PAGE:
I took the picture below on Wednesday of the Mourvedre vines in the front yard. They are just starting to wake up and grow. Now is when they need rain and water and right now we are getting regular little storms. It’s been more than enough for the vines right now. It has also been cool with highs in the low 60’s. That means the plants will be growing slowly and don’t need a bunch of water just yet. It also means there is no risk of mildew since mildew needs temps to be over 70 degrees.
Another good side effect we will see this year is that the lack of rain has kept growth down between the rows. You can see that in the picture below. At this time last year the cover crop was a foot tall. Those cover crops, and weeds compete with the vines for water, and this year those plants are small and won’t offer much competition. Last year we had to mow three times in most vineyards and some weeds grew to 5 feet high. This year we’ll likely mow just once or twice and it doesn’t look like anything will be over 18 inches tall.
We can’t count on the perfect timing of the rain though through the rest of the year and the amount of water in the soil is going to be an issue if we don’t get a lot of rain in April and May. That’s why we have drip systems though and we can turn them on if we need them. We usually don’t have them on so there will be some additional work we’ll have to do to get them ready before we can use them. This means turning them on and walking every row to see where they have gotten leaks since we lasted used them and fixing the leaks.
So we’re not really worried about the rain shortage or drought at all. Drought years like 2007 and 2009 have turned out to be some of the easiest farming years we’ve had, and produced great wines. If we have to turn on the drip systems we’ll have additional costs in water and maintenance. Those should be more than offset though in the savings from mowing and weed control. Look for an update on the rain situation in May. That’s when we will decide about turning on the drip systems or not.
Early in the year there was a great deal of talk about the weather. It was a cold and very wet spring. We had unusual rain in May and June. There was concern for the harvest this year.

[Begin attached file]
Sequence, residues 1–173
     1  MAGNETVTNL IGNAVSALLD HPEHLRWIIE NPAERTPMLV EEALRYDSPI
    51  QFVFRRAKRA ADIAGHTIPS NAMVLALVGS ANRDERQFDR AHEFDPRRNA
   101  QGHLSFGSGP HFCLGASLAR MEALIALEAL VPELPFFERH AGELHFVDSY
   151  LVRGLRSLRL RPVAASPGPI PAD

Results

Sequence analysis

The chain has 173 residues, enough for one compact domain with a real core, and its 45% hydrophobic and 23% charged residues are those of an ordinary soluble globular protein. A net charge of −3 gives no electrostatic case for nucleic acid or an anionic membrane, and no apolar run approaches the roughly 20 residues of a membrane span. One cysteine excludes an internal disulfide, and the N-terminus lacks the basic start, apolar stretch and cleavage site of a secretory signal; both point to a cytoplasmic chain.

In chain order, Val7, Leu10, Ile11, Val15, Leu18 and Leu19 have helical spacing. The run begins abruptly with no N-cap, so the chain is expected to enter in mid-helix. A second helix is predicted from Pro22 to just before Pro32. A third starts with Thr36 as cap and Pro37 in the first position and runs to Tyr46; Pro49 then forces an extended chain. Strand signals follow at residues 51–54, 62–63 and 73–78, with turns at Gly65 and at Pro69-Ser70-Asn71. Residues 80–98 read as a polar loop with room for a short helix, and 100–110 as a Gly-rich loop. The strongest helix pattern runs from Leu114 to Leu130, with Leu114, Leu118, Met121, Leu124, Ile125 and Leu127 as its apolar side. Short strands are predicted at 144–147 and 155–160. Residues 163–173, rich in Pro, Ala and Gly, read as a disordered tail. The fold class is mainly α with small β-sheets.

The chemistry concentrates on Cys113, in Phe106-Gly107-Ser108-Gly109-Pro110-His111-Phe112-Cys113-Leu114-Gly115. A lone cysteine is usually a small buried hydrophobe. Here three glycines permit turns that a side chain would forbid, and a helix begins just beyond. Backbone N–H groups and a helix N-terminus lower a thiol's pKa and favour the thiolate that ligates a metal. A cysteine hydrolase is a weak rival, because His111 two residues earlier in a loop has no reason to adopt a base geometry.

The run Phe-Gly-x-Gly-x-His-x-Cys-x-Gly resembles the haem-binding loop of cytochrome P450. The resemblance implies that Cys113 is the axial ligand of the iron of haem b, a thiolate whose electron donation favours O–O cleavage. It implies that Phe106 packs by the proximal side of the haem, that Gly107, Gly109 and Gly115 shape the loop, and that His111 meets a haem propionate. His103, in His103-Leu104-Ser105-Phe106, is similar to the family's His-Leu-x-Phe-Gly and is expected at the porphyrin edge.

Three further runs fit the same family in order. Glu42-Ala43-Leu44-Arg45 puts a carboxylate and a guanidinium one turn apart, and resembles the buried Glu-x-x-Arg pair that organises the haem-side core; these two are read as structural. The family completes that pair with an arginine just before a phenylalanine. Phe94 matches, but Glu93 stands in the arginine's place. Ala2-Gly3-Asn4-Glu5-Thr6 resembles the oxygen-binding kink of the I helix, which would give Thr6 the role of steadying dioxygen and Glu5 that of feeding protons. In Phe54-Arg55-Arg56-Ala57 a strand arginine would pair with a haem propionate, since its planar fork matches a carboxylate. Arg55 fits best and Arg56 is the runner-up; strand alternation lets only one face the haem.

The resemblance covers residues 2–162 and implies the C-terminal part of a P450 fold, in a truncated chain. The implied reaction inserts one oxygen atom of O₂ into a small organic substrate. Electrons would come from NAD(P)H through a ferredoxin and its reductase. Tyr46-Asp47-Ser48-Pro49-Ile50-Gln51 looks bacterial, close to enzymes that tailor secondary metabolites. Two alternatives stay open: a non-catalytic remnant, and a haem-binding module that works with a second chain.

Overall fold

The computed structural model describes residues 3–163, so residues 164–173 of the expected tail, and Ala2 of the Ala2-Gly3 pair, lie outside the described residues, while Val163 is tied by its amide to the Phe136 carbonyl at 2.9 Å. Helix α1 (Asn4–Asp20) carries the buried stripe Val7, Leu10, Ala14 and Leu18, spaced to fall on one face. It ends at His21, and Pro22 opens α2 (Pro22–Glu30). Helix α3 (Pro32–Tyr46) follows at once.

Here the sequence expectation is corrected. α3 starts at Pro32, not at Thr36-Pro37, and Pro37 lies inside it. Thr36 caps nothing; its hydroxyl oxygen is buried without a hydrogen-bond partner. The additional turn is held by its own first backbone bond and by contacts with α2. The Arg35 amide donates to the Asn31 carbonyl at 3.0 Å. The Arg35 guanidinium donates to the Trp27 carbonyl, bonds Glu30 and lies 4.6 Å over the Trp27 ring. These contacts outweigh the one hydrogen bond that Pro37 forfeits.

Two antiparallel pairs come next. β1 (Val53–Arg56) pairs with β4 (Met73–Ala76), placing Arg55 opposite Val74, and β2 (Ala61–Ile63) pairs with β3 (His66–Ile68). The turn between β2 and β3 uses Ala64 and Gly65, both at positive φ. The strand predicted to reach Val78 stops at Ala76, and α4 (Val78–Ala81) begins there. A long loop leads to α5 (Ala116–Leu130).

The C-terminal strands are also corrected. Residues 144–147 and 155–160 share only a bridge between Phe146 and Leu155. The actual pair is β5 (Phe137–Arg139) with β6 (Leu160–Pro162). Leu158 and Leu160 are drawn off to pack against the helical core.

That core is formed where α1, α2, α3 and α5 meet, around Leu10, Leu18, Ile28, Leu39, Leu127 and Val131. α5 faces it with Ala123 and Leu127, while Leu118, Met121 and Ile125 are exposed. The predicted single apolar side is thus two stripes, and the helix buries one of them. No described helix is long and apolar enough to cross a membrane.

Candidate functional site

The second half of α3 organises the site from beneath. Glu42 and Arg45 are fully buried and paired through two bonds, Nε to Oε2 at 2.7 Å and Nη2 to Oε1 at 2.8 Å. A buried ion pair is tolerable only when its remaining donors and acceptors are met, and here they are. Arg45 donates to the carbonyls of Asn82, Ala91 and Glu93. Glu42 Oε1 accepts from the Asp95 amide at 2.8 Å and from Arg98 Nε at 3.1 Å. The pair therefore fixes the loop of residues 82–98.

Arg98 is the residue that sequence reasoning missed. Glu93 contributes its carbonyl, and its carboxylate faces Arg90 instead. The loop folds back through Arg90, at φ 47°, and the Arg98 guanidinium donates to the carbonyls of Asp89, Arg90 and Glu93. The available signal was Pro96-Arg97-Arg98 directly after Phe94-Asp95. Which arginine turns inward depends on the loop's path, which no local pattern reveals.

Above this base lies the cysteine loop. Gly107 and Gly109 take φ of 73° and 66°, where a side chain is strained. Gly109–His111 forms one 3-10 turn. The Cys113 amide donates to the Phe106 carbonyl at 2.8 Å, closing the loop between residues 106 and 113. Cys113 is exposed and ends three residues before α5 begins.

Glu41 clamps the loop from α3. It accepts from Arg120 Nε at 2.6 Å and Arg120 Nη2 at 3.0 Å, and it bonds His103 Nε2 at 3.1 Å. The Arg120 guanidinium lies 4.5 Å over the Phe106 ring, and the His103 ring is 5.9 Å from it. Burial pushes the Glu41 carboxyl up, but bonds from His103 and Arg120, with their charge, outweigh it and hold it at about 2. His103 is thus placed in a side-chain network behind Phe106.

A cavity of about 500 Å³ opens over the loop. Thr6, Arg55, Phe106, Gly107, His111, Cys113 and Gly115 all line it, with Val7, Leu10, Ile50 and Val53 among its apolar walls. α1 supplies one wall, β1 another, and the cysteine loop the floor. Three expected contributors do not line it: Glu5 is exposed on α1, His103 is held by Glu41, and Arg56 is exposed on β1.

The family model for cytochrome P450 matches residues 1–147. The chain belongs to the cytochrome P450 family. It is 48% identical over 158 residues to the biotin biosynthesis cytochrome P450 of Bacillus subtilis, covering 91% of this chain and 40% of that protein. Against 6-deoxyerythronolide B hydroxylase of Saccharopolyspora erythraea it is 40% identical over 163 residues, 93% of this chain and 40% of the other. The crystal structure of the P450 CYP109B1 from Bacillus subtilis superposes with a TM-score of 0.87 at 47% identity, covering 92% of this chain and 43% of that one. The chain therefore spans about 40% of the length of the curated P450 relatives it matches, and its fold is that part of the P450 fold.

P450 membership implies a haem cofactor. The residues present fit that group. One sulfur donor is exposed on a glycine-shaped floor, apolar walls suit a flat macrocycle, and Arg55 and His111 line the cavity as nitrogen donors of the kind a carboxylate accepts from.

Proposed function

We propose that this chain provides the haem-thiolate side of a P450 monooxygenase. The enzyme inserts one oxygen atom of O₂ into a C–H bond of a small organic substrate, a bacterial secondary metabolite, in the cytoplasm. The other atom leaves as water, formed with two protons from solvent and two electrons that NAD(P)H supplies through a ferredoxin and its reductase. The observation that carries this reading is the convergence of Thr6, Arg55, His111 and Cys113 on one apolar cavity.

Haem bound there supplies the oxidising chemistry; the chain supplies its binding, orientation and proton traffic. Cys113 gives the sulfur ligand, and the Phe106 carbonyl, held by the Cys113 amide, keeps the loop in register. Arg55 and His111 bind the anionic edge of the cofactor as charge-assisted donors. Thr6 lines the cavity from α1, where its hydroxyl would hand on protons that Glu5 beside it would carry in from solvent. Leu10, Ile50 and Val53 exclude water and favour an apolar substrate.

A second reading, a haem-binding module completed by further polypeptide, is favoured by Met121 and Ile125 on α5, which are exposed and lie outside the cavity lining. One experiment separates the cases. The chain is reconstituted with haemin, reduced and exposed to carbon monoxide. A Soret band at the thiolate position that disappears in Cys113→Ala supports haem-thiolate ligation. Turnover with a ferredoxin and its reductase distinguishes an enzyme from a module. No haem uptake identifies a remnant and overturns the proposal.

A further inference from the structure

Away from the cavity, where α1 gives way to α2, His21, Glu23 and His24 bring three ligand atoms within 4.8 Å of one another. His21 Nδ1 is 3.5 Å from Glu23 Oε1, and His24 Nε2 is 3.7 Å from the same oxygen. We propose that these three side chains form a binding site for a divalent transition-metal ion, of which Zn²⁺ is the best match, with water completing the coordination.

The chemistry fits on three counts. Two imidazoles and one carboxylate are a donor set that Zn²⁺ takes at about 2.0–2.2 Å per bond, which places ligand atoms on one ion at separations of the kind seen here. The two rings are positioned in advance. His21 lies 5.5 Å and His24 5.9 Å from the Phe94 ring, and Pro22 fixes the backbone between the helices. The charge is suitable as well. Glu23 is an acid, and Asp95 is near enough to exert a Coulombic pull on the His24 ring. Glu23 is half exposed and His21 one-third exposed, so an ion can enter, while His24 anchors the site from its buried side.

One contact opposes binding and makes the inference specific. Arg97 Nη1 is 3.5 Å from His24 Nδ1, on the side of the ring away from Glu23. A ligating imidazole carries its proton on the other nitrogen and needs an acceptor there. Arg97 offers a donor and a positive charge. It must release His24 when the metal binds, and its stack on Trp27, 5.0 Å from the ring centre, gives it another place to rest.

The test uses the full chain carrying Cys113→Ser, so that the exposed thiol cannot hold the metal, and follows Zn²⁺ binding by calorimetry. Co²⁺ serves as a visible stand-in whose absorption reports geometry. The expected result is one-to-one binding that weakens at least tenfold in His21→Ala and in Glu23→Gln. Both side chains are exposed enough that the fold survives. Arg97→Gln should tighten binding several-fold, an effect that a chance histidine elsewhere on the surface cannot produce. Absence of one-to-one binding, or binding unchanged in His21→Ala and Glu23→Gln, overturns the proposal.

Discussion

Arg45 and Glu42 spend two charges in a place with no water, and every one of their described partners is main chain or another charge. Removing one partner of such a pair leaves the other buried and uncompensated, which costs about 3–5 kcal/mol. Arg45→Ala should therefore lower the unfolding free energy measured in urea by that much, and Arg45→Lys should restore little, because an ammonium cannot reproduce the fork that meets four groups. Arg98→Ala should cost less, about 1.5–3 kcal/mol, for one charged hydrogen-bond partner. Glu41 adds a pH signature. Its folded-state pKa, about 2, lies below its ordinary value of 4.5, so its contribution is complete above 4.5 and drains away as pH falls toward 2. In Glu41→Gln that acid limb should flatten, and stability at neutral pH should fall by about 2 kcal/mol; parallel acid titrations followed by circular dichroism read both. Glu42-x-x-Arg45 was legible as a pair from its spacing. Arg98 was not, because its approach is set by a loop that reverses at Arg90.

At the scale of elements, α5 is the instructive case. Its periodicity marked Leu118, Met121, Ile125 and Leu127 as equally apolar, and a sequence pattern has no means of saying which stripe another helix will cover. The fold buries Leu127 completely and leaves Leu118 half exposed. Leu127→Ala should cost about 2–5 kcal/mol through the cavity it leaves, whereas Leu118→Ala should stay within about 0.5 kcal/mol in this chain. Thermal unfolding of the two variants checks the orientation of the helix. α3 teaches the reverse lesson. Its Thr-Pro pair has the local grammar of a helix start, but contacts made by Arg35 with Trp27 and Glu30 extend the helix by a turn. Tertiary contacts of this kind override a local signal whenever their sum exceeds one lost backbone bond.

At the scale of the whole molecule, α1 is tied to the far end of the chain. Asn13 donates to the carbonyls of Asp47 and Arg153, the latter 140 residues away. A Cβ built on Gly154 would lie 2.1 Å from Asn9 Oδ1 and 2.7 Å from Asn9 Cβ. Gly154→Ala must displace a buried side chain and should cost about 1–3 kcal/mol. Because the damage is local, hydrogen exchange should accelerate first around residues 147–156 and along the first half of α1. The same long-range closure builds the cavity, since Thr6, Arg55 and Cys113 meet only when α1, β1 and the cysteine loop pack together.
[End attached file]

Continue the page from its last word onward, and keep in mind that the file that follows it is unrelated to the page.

The basic rule about the weather is that the spring effects quantity, summer effects the harvest date and fall effects quality. The wet cold weather in the spring did effect quantity for us. In our higher vineyards like Chaine d’Or we had really poor fruit set and quantities will be way down. At another high vineyard, Split Rail, the quantity was effected so much that we won’t harvest any grapes this year. The other lower vineyards will have smaller than normal yields but not as drastic as the high altitude vineyards.
The summer started cool, and we’ve not really had any heat waves. I took the picture above from the top of Communication Hill in San Jose. It should look familiar, it’s the same view you see on our labels. That’s what summer has looked like all year. Fog in the morning, sunny during the day, with highs in the 80’s. That’s perfect. Too hot and the grapes will shut down, too cold and sugars will not develop.
Right now I think we’re in for a late harvest. Like 2009 and 2010. It looks like it will be sooner than 2010 and that’s good, but we’re not worried. We are used to waiting into late October.
So far quality looks really good. We’ve had clean vineyards for the most part with mildew pressure only in the higher vineyards. The clusters and berries look good. A few more weeks of weather like this and we’ll head into fall in really great shape.
There’s still alot that could go crazy. Too much heat, rain at the wrong time, or a number of other things could effect quality. If, and it’s always a big if, we have a normal fall though we should be looking at an excellent quality, low quantity year.